4. We reject the argument that defendants are entitled to judgment on plaintiffs' slander claim. First, defendants argue the trial court erred in allowing plaintiffs to present evidence of slander because plaintiffs' complaint alleged libel and not slander. However, we note that the outline of plaintiffs' claim contained in the pre-trial order refers not only to alleged "libelous statements" but also to what defendants "told" the insurance companies about plaintiffs' failure to pay premiums. Consequently, defendants were on notice that plaintiffs intended to present evidence of oral defamation.
Whether defendants' statements to the insurance companies were statutorily privileged pursuant to OCGA 51-5-7
(2) and (3) because they were made in good faith was an issue for jury determination. Sufficient evidence was presented whereby the jury could conclude that the statements were made maliciously or wrongly and therefore defendants were not entitled to judgment as a matter of law on the ground the statements were privileged.
Evidence was presented to show the statements that plaintiffs had failed to pay premiums due were false. The publication of false statements about a merchant's failure to pay a debt is actionable. See Walker v. Sheehan, 80 Ga. App. 606 (2) (65 SE2d 628) (1949).
Finally, defendants argue that even if the statements made by employees of defendant LHR were slanderous the company cannot be held liable. However, evidence was presented to show defendant Huffman, in his capacity as an officer of the company, expressly authorized the action taken as a "business decision." A corporation may be liable for the speaking of slanderous words by one of its agents where it affirmatively appears the agent was expressly directed or authorized to speak the words in question. Behre v. Nat. Cash Register Co., 100 Ga. 213 (1) (27 SE 986) (1896).
5. We reject defendants' argument that they were entitled to judgment in regard to the slander claim of plaintiff Bobby Thomas because he was not, individually, a party to the contracts of insurance and was not the subject of the alleged slander. Although defendant Huffman denies he mentioned Bobby Thomas individually when speaking to the representative of Lumbermens Mutual, that representative responded affirmatively, during the videotaped deposition played at trial, to the question asking whether he issued the cancellation notice in response to the representation by defendant Huffman that "Bobby Thomas wouldn't pay the . . . premium." Moreover, an individual may have a cause of action for defamatory statements made about a company when it is known that he is the owner of the company and his name is a component part of the company name. See Weatherholt v. Howard, 143 Ga. 41 (84 SE 119) (1915)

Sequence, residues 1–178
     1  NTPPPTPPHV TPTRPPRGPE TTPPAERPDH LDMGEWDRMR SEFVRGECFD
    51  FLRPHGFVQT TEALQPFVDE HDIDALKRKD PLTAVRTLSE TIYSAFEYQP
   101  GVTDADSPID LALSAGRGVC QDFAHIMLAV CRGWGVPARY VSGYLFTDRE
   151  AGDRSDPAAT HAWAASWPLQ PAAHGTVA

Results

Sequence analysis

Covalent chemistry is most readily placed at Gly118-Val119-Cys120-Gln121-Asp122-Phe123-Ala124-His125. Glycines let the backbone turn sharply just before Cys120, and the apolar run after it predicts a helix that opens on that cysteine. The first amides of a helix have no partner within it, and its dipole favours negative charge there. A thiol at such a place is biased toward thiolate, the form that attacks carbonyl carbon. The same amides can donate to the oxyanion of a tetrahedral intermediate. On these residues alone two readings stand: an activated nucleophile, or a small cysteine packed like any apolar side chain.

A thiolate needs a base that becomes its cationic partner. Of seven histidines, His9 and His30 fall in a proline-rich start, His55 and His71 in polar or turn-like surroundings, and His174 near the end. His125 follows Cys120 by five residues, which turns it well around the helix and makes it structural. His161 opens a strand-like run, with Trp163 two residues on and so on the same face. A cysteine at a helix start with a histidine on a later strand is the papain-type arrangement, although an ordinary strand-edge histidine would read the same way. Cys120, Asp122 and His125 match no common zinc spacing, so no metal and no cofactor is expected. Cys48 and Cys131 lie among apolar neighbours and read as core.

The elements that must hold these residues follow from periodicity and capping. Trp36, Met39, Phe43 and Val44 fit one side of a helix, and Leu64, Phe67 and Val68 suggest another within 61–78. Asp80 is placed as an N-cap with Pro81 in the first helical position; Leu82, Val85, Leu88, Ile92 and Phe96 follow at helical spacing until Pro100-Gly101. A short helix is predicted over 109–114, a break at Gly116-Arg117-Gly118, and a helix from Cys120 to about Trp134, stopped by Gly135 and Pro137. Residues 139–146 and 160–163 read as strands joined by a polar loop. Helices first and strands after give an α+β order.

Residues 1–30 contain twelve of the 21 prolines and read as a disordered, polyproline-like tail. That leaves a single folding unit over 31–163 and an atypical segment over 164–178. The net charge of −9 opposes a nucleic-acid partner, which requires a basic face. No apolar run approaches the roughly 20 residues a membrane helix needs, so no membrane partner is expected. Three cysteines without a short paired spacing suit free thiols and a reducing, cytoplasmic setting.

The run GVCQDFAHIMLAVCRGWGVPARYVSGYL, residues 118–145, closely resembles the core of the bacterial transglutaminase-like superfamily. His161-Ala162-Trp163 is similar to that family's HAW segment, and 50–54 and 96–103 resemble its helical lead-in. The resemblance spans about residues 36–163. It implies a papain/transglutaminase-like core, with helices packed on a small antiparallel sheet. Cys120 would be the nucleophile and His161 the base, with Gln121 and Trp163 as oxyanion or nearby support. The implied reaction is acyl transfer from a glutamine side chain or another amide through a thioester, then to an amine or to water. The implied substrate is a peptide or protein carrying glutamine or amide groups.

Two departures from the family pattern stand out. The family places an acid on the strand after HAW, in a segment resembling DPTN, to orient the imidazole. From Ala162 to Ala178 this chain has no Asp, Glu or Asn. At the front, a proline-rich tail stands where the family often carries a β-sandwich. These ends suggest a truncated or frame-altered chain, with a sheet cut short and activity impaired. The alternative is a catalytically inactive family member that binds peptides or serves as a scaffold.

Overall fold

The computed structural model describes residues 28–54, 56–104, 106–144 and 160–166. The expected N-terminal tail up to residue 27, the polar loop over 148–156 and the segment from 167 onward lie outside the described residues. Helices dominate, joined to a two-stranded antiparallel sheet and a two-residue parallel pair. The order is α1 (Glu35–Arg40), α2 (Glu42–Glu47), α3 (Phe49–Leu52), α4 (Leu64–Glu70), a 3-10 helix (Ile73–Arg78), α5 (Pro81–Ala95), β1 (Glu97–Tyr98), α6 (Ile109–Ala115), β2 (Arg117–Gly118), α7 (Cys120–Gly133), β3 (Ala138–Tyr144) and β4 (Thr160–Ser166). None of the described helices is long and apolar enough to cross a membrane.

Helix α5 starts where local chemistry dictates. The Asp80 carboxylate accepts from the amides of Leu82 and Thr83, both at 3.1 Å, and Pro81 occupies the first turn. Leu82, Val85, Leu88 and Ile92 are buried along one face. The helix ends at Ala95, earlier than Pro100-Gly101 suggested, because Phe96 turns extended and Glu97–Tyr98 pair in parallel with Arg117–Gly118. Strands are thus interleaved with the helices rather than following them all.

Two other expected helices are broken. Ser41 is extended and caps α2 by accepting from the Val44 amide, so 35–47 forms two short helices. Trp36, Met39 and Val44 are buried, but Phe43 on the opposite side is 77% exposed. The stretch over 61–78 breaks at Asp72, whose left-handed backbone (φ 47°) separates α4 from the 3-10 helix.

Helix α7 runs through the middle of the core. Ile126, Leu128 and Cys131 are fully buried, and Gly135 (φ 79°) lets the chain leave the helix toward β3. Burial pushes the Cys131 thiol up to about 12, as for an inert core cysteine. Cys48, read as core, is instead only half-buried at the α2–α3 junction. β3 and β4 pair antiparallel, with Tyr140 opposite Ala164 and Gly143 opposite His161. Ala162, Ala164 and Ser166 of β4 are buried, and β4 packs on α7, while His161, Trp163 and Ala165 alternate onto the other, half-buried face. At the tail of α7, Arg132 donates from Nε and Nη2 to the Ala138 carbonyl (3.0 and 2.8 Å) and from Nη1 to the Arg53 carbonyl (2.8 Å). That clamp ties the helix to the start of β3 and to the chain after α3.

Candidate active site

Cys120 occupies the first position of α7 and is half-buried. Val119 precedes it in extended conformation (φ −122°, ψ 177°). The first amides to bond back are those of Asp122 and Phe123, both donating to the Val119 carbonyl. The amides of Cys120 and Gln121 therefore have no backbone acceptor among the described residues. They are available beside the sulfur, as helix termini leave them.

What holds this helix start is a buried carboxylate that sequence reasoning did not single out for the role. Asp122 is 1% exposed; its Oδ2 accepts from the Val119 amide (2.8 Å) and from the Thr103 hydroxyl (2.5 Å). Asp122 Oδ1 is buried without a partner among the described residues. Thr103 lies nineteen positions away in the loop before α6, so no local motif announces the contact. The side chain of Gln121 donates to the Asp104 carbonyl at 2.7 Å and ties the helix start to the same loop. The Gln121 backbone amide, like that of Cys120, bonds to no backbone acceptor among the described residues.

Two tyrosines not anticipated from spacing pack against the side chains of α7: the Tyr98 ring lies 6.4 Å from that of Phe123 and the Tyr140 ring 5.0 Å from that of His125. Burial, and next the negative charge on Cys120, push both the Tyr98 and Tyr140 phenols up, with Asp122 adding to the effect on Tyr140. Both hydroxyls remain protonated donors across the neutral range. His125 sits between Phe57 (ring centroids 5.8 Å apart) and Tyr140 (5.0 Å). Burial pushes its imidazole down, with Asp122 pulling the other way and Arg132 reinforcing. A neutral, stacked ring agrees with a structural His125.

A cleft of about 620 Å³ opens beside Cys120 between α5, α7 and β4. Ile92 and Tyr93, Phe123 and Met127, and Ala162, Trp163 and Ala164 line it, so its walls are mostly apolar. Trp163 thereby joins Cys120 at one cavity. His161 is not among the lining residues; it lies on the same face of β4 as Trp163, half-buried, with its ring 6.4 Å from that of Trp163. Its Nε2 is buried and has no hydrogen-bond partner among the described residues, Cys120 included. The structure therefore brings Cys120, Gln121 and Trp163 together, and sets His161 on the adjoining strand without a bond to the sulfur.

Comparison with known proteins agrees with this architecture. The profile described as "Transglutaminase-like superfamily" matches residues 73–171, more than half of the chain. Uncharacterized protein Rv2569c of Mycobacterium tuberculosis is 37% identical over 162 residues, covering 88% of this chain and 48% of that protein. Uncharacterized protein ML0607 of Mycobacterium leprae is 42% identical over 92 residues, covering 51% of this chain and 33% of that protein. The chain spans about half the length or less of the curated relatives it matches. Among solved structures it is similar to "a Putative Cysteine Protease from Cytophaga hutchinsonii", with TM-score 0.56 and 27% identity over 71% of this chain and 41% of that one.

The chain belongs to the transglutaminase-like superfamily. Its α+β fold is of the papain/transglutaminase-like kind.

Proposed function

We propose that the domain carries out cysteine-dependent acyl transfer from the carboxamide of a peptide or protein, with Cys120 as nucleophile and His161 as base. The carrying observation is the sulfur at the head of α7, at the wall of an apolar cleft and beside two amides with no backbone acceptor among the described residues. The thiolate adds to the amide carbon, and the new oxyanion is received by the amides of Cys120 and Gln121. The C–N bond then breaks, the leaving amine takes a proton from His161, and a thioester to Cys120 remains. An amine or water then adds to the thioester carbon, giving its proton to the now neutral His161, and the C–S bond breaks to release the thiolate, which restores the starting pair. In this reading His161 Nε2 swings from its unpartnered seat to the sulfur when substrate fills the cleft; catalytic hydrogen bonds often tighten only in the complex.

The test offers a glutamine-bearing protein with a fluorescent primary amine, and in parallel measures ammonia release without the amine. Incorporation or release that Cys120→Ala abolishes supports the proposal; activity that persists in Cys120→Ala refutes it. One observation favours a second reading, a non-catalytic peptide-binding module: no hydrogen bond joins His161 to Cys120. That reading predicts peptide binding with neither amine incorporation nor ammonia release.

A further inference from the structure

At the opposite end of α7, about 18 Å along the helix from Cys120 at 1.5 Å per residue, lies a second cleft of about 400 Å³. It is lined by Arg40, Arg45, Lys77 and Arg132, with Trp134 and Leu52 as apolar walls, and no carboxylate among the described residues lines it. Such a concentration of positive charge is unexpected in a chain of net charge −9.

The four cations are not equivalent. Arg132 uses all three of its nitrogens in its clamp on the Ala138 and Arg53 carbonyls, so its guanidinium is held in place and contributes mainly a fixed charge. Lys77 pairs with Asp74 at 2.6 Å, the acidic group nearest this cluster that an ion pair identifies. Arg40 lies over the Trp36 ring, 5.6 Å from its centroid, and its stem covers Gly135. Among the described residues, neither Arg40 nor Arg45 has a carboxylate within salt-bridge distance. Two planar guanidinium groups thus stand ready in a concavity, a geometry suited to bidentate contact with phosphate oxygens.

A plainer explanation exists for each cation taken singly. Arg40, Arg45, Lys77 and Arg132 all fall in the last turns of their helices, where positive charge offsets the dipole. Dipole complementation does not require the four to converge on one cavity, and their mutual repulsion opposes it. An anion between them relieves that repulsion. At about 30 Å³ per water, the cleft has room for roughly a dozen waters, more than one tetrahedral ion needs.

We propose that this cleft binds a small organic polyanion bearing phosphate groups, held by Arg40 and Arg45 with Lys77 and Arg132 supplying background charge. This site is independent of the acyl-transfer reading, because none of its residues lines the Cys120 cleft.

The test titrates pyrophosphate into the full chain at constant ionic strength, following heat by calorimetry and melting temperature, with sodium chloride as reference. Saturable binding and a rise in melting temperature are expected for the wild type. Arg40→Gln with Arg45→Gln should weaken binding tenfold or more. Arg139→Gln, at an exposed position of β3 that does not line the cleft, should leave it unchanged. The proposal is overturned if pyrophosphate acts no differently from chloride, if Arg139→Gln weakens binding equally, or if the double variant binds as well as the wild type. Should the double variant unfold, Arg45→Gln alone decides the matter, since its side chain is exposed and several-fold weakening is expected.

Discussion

; Southland Pub. Co. v. Sewell, 111 Ga. App. 803 (1) (143 SE2d 428) (1965)
6. We find no error in the trial court's refusal to give the three charges requested by defendants on slander. The jury was properly charged on the law of slander and the defense of privileged statements.
7. Neither did the trial court err in failing to charge the jury that a binding contract existed as a matter of law for the policy with Lloyds of London. "The language or conduct necessary to create the contract is simply that which is enough to show that there has been a meeting of the minds." (Citation and punctuation omitted.) Ray v. Ga. Farm &c. Ins. Co., 176 Ga. App. 776
, 778 (337 SE2d 779
) (1985). Evidence was presented to create an issue for the jury as to whether the parties had agreed to the price of the policy LHR ultimately procured for plaintiffs from Lloyds of London.
8. Citing Hodgskin v. Markatron, 185 Ga. App. 750 (1) (365 SE2d 494) (1988)
, defendants argue the trial court erred in submitting the claim for conversion to the jury. In Hodgskin, this court ruled no claim for conversion would lie against a company for commissions owed to a former employee because the claim was not for specific money but merely for a sum of money owed to the employee. Here, however, the claim involved specific funds (i.e., the refund of unearned premiums) rightfully belonging to plaintiffs. Conversion of funds rightfully belonging to another provides an action in tort. Privitera v. Addison, 190 Ga. App. 102 (1) (378 SE2d 312) (1989)